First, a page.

Earlier this week, I wrote on reports that the Nigerian military had managed to rescue hundreds of women and girls from now-defunct Boko Haram camps in northeastern Nigeria. Good news like that doesn’t come along every day—but maybe today is just a good week for hope, because almost 200 more women and children have been rescued in the Sambisa Forest area.

The 200 “Chibok” girls of #BringBackOurGirls fame do not appear to be among those rescued, but reports have not yet confirmed that.

More from CNN:

“We are still working to verify the actual number of the rescued hostages, but I can say they include around 60 women and 100 children,” said army spokesman Sani Usman.

A female hostage and a soldier were killed during the rescue operation at Sambisa Forest, a base for the Islamist extremists.

Troops are moving into other parts of the forest and have destroyed nine militant camps, the spokesman said.

“Many of those kidnapped have undergone psychological trauma and indoctrination,” he said.

This is huge, for a variety of reasons.

First and foremost, the rescue of even one human life from the clutches of this group is a miracle in and of itself. I’ve written quite a bit about who Boko Haram is (check it out here) and over the course of the last year or so, one thing has become abundantly clear: their mission is their life. The women and children they abduct become tools they can use to manipulate and coerce. People are afraid of Boko Haram; they’ve made a name for themselves by raping, slaughtering, and burning their way through northeast Nigeria. Nigerian officials say that the latest group was held in “severe and inhumane” conditions—and for Boko Haram, that means you could imagine the worst possible scenario, and still not quite get there.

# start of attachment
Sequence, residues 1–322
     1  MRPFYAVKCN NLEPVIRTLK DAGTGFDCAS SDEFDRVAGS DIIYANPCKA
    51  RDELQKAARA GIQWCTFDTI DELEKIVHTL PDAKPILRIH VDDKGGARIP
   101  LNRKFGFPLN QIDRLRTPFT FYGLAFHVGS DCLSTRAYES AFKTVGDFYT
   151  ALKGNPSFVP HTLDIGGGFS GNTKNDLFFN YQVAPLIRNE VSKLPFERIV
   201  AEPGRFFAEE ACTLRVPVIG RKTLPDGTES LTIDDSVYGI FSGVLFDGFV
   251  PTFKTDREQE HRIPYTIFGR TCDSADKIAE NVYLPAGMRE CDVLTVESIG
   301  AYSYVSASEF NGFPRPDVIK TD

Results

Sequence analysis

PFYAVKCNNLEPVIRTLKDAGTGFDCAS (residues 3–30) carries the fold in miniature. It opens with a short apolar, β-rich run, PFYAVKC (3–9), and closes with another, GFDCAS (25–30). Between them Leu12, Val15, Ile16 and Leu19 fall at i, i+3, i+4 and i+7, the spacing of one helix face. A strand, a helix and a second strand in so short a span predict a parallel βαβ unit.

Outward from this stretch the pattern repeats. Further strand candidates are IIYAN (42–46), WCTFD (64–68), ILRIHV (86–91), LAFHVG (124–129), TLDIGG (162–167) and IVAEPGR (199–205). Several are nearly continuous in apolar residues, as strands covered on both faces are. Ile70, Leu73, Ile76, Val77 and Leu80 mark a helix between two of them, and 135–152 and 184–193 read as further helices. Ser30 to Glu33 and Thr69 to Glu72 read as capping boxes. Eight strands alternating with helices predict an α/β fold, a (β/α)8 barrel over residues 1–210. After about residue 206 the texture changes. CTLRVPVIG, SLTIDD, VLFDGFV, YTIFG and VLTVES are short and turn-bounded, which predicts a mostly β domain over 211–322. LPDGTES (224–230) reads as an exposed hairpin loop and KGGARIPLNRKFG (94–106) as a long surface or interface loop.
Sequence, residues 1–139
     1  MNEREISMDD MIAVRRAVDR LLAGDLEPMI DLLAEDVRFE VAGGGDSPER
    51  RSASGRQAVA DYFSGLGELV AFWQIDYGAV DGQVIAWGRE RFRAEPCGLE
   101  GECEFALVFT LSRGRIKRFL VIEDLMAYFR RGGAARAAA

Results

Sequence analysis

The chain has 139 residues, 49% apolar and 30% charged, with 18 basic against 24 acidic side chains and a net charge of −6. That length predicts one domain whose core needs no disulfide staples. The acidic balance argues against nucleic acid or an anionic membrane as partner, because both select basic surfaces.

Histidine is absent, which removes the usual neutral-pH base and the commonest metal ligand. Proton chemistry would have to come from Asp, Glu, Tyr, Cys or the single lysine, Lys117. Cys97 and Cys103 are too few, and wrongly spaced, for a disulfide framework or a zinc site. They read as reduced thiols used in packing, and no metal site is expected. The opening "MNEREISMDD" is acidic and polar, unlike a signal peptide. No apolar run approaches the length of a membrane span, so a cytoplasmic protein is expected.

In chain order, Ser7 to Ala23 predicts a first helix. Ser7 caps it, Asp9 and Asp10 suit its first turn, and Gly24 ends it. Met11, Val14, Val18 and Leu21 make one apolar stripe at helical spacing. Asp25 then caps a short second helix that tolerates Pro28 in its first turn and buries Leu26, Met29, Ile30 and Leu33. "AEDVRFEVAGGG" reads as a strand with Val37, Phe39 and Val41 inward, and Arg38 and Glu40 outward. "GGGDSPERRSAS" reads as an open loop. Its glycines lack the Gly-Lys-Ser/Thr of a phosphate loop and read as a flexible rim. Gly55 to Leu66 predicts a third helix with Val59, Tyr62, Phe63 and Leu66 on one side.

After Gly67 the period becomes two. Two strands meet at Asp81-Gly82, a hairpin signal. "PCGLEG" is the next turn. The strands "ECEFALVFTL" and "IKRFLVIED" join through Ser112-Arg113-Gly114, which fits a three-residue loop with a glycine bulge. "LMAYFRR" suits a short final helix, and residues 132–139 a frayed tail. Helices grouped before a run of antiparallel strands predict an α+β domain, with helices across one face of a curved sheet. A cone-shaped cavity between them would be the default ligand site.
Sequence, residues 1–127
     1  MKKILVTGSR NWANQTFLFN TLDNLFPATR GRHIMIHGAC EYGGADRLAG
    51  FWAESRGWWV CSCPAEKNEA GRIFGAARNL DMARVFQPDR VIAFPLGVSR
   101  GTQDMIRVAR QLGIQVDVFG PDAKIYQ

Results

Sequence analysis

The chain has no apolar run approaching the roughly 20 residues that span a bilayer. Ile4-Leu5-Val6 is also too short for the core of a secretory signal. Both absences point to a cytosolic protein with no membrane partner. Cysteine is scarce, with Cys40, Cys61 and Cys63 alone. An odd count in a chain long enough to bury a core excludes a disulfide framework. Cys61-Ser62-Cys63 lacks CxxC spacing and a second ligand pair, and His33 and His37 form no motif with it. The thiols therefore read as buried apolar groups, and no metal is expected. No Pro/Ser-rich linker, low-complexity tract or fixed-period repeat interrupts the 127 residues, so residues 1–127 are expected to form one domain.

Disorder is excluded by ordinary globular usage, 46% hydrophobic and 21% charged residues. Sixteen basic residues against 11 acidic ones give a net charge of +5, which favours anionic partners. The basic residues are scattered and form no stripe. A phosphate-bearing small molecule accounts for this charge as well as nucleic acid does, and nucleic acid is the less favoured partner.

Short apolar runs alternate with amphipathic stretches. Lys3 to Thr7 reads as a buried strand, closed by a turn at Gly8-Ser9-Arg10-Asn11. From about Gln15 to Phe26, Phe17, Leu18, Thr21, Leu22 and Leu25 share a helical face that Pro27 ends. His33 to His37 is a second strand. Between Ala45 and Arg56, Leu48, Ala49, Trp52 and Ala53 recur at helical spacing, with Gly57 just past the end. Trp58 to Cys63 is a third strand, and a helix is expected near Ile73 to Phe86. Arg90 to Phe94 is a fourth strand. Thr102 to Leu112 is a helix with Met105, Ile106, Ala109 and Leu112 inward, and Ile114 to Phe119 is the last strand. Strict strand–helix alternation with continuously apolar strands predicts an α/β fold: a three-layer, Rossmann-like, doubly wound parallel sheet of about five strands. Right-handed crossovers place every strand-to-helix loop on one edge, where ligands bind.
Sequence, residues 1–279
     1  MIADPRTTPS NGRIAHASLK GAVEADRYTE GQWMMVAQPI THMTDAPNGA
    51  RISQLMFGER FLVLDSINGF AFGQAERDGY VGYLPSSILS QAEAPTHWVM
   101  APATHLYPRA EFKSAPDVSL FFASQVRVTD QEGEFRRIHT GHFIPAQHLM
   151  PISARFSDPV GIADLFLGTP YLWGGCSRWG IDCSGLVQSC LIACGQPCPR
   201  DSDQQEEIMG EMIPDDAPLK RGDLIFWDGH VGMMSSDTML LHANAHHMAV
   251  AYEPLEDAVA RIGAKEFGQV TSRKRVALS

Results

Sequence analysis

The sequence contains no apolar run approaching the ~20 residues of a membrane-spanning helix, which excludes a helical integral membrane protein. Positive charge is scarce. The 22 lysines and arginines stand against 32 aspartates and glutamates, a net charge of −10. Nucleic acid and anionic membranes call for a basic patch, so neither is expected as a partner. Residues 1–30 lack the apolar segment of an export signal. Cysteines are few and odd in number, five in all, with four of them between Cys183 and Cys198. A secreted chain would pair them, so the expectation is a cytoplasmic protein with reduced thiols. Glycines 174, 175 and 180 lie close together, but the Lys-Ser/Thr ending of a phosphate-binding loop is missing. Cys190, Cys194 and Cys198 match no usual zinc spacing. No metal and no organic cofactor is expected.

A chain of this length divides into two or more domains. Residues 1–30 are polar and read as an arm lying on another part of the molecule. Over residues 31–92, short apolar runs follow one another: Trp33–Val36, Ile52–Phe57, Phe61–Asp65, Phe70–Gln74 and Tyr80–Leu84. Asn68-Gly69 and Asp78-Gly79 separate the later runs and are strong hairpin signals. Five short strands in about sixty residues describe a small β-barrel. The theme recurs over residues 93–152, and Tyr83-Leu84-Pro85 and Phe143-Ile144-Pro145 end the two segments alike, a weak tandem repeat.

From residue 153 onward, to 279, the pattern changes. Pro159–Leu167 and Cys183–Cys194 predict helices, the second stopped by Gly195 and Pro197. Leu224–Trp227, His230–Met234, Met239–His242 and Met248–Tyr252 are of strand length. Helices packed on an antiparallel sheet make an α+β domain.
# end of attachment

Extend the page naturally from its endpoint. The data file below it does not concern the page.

It’s a miracle any of them were alive to be rescued.

Second, by rescuing any hostages—Boko has been known to abduct young men—we cut down on their recruitment numbers. Boko Haram uses the same tactics to increase their numbers that militants in places like Somalia and Sudan have used: kill half the village, leave a few witnesses, and brainwash the remaining (usually young) men and women to pick up arms. They’ve been doing the same thing to their captives.

Finally, every hostage freed by the military represents a jab at Boko Haram’s mystique. I say “mystique” like they’re a circus act, but when it comes to the juxtaposition of terror groups and largely-neglected members of the population, it’s probably the appropriate word. Boko feeds off of the terror they create when they raid a village. When someone is taken, those who remain assume that they’re never coming back—Boko is far too brutal and too powerful to be toppled by a rescue mission.

But they did it. They raided the camps, killed the insurgents, and brought the hostages home—and that’s more symbolic than a UN endorsement of military action could ever be.